Today we call the goal of this discipline amor fati or the loving acceptance of one’s fate. This discipline is summed up in a passage from The Enchiridion: “Seek not for events to happen as you wish but wish events to happen as they do and your life will go smoothly and serenely.”
    But Stoics are not passive doormats with no ambitions and who allow life to happen to them. They simply accept what comes and think ahead to the next step in the best way possible.
    For instance, Marcus Aurelius, despite a devastating plague and countless misfortunes beyond his control, led his weakened army repeatedly into battle to defend Rome against invading barbarian hordes. He prevailed despite the many obstacles to victory. If he’d failed, Rome would have been destroyed. As we’ll see, the discipline of action explains this strange paradox: how can the Stoics combine acceptance with such famous endurance and courageous action?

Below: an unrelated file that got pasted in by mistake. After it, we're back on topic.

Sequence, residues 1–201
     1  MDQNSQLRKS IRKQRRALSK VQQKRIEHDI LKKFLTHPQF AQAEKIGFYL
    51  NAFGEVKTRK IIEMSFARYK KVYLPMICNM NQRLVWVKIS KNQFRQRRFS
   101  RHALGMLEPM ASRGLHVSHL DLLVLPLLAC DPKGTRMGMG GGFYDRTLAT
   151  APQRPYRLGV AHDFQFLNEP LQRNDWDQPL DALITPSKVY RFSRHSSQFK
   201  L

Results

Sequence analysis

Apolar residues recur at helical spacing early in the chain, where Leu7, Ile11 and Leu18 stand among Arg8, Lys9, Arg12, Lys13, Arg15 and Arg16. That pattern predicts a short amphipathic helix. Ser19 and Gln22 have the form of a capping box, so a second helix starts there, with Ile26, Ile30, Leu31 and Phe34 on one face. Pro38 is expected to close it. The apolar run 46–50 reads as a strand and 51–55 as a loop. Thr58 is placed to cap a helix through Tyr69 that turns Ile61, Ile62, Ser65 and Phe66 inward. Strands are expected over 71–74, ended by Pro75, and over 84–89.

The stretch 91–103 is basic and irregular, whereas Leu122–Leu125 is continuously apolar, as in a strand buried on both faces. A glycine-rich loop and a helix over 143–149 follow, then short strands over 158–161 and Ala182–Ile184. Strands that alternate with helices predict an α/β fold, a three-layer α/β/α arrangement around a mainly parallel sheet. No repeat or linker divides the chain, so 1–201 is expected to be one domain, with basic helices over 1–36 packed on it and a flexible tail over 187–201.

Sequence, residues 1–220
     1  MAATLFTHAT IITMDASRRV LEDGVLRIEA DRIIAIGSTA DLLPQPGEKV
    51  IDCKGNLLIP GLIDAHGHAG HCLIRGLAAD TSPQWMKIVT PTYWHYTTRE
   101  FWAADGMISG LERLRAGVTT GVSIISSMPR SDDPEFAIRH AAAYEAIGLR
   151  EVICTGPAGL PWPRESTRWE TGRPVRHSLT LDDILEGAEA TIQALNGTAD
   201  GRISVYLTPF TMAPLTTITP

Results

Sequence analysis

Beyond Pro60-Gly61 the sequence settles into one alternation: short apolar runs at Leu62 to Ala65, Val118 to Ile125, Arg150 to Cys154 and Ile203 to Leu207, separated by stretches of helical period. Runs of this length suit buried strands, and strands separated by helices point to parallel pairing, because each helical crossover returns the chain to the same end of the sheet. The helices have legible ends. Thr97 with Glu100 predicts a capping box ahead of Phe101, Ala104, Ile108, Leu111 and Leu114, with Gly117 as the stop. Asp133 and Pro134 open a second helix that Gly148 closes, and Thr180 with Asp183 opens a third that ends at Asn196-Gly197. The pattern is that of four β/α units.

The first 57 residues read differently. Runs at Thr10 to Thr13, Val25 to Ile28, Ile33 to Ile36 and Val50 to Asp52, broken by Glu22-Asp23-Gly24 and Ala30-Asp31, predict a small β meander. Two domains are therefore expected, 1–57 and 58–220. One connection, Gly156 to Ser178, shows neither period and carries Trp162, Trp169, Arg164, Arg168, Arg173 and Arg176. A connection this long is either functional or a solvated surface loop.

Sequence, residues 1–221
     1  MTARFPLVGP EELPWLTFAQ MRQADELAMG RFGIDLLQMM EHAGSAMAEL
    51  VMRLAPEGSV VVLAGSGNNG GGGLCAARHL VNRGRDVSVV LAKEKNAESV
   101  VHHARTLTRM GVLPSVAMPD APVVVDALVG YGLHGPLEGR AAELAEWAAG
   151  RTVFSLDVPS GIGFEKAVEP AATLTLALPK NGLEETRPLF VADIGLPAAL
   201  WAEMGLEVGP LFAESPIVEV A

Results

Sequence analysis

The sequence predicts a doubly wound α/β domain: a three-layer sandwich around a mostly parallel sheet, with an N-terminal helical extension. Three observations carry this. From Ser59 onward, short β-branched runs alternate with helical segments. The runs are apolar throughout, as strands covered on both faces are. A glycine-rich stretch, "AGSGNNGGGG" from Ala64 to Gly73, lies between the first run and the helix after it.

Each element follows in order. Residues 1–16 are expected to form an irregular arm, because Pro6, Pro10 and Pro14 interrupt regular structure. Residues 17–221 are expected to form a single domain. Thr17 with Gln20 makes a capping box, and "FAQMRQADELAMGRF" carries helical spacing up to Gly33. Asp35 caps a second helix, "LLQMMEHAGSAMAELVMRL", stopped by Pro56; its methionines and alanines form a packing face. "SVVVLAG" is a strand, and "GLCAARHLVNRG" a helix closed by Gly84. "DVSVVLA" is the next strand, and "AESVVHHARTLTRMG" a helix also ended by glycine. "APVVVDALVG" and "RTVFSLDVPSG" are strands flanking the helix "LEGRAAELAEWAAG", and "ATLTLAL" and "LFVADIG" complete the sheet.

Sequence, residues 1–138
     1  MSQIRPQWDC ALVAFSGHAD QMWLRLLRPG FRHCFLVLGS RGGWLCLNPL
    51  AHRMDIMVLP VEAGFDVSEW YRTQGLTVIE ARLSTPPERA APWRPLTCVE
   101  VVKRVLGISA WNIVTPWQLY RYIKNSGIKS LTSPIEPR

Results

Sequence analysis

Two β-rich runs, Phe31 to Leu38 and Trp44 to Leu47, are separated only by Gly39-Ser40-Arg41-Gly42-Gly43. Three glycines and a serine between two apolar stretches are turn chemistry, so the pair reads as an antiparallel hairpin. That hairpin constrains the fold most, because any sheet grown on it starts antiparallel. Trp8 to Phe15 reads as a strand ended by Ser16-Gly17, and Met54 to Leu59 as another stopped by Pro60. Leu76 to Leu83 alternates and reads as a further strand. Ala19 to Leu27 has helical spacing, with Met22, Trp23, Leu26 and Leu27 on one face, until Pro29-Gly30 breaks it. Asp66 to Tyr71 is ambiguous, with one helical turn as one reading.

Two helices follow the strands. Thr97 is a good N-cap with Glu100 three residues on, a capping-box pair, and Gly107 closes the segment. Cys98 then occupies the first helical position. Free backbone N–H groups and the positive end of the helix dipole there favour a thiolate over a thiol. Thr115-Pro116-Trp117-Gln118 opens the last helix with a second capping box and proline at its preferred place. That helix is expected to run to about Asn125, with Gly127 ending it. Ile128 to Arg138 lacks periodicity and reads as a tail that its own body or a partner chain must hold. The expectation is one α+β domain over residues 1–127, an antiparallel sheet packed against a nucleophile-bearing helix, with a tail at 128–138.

In amor fati, you must embrace everything that has happened to you, as well as what will happen in the future. All events leading up to this moment were necessary precursors to the exact world you’re standing in.
    Suppose something happened we wish had not. Which is easier to change: our opinion and level of emotional impact or the event itself? The answer is obvious. The event lies in the past and cannot be changed. No matter how much you prepared, it still happened. But the way you view it can easily change. We do this by embracing amor fati. Stop fighting what reality is rather than resisting based on fantasy (that which did not happen). That’s what happens when we can only (and sometimes even barely) control our actions in a volatile and unpredictable world.